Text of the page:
Debt Consolidation Loans, What Are They?

Debt consolidation loans gather up multiple debts allowing borrowers to pay back one entity.  If your debt isn’t too high and you have a high enough credit score to qualify to can be a great way to start to get debt under control at a more affordable interest rate.

Debt consolidation loans are a common vehicle for millions of Americans, because millions of Americans have lots of debt. How much debt, you ask?  “American household debt hit a record $13.21 trillion in 2018. If you had to write that check it would read $13,210,000,000.00,” reports.

All this debt is rarely to one creditor. Most debt is divided into multiple categories like credit cards, student loans, car loans, medical bills, payday loans and mortgages, with credit card debt accounting for the most commonly consolidated debt.

Too much debt can adversely affect your debt-to-income ratio or DTI.  Lenders look at your debt to income ratio as a key indicator of your financial health.  They calculate it by taking your monthly expenditures and dividing that number by your monthly income.

“The maximum DTI you can have to qualify for a mortgage is usually 43%. Most financial advisors recommend keeping your DTI at 30% or lower,” says.

A debt consolidation loan won’t lower your DTI in the short term, but it can help you lower your interest on that debt and get it paid down faster, thus bringing up your DTI in the long term.

Most people who consolidate all their debt into one loan, and are given a term on that loan that is reasonable, they finally feel like there is debt freedom in their future. The key to success with debt consolidation is to not assume new debt in addition to the debt you consolidated.  This defeats the purpose of the loan.

Is a Consolidation Loan for You?

Debt consolidating isn’t for everyone. Here are some key indicators that you are a good candidate for this type of loan:

  • Credit scores qualify you for a 0 percent credit card and/or low-interest debt consolidation loan
  • Income allows you to make consistent debt payments
  • Total debt (minus mortgage debt) is lower than 40 percent of your gross income
  • You are committed (and have a plan) to keep your debt from rising again

If you are looking to improve your credit score, a consolidation loan can help.  By converting damaging revolving debt installment debt you can gain points on your score.  After you consolidate your credit card debt, your existing balance-free credit cards will show that you have more total credit available, resulting in a lower credit utilization rate, which can boost your credit score.

Common Types of Debt Consolidation Loans Cover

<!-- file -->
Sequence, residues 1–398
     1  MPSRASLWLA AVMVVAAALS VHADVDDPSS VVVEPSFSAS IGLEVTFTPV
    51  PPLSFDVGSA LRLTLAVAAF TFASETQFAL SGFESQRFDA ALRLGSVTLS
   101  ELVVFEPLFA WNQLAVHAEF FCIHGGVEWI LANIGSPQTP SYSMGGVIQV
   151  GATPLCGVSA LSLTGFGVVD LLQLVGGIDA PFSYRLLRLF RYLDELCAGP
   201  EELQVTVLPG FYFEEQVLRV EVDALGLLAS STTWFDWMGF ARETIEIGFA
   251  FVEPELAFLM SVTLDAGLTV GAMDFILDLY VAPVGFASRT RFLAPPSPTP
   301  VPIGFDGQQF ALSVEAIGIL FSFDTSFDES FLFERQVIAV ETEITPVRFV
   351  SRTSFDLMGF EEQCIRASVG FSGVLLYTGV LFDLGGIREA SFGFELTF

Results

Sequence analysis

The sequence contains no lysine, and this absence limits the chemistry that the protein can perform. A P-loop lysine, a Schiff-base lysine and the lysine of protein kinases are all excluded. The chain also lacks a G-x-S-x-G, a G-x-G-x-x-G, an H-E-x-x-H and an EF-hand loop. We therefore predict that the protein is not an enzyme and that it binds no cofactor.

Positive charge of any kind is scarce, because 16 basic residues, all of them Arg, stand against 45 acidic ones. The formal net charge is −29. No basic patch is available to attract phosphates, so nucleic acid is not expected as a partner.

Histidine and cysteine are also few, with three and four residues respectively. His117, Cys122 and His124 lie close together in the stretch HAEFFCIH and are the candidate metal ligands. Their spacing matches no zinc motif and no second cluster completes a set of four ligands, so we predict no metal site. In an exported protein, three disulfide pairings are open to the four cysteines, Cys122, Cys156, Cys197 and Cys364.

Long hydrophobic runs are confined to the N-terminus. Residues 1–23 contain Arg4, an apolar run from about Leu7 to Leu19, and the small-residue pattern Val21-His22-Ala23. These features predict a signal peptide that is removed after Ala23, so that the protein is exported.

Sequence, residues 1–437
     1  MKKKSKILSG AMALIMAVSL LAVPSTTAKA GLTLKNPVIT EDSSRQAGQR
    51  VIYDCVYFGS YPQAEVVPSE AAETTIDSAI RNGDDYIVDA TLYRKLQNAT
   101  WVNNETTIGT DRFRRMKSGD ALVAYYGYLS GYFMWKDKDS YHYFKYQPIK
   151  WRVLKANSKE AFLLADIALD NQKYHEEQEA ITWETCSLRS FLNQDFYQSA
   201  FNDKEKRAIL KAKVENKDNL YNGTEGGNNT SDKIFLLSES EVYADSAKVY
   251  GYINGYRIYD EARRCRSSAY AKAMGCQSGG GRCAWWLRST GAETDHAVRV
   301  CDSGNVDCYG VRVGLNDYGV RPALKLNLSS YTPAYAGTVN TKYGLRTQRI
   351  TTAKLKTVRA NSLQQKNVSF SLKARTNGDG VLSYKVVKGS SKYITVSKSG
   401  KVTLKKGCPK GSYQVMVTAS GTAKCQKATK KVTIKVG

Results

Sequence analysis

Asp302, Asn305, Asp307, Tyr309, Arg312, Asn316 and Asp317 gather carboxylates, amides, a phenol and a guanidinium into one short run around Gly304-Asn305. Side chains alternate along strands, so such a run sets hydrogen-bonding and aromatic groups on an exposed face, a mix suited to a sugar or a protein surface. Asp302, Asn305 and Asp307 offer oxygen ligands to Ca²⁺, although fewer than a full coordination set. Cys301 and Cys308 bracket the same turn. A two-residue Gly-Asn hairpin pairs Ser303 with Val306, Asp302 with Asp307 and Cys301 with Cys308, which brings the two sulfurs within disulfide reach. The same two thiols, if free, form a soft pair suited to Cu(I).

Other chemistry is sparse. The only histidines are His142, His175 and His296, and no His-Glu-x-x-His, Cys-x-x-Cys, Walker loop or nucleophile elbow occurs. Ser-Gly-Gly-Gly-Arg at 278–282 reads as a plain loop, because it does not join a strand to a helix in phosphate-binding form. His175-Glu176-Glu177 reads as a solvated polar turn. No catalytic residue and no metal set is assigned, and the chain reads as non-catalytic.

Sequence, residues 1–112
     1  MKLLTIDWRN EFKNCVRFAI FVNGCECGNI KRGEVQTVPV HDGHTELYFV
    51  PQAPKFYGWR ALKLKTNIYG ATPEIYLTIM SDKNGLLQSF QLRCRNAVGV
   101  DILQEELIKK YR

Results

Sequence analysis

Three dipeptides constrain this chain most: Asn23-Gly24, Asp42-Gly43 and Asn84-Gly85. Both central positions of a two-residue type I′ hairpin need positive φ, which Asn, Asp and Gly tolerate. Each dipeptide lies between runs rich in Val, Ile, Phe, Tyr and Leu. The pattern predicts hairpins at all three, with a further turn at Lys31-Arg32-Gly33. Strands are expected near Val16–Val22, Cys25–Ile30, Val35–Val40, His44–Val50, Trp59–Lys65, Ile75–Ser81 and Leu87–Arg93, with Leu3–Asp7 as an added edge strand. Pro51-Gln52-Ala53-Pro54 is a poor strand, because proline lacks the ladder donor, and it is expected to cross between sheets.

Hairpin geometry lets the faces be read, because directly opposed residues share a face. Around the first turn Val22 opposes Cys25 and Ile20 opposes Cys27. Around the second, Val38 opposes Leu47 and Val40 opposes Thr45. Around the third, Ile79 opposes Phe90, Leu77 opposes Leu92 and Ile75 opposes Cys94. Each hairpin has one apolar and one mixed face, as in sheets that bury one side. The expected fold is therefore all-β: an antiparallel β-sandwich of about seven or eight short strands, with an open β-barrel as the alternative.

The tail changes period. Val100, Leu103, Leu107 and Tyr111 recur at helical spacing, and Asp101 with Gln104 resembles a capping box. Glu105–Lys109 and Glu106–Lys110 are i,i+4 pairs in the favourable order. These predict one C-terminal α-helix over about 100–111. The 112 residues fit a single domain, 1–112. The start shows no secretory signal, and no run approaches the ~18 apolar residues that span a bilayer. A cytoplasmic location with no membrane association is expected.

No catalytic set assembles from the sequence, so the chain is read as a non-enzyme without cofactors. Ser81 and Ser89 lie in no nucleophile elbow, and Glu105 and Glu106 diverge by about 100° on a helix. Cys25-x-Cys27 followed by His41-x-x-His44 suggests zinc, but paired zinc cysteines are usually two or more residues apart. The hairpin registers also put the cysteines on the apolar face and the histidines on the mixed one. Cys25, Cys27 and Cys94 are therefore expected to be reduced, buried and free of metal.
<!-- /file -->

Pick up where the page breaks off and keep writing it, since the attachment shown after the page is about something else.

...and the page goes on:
One frequently asked question regarding debt consolidation loans is what kind of debt can they cover? According to the U.S. News and World Report, if any of the following debts apply to you, debt consolidation could help combine them for you:

  • Medical bills
  • Personal loans
  • Credit cards
  • Payday loans

Taking some time to research whether or not you should take out a debt consolidation loan could be a real financial game-changer for those with considerable debt.  “Debt consolidation loans were a good choice for more than 60% of respondents, who indicated their loan helped them lower monthly payments, improve their credit score, or lower or eliminate debt,” U.S. News and World Report said.

Types of Debt Consolidation Loans

There are two types of debt consolidation loans: secured and unsecured. The biggest difference between the two types of loans is that secured debt consolidation loans use collateral, while unsecured loans do not.

Unsecured loans are used most often, but you can use a secured loan for unsecured debt, such as a home equity loan used for credit card debt consolidation.

Take the Time to Shop Around for the Best Loan Terms

After you have done your homework and find that you are a good candidate for a debt consolidation loan, the next step is to do your due diligence to make sure you are getting your best popular rate.

“58% of respondents spent two hours or less researching debt consolidation loans and 59% of respondents didn’t compare preapprovals from two or more lenders,” U.S. News said.

The importance of comparing rates can’t be overstated.  Your loan terms will greatly impact your potential savings over the life of the loan.

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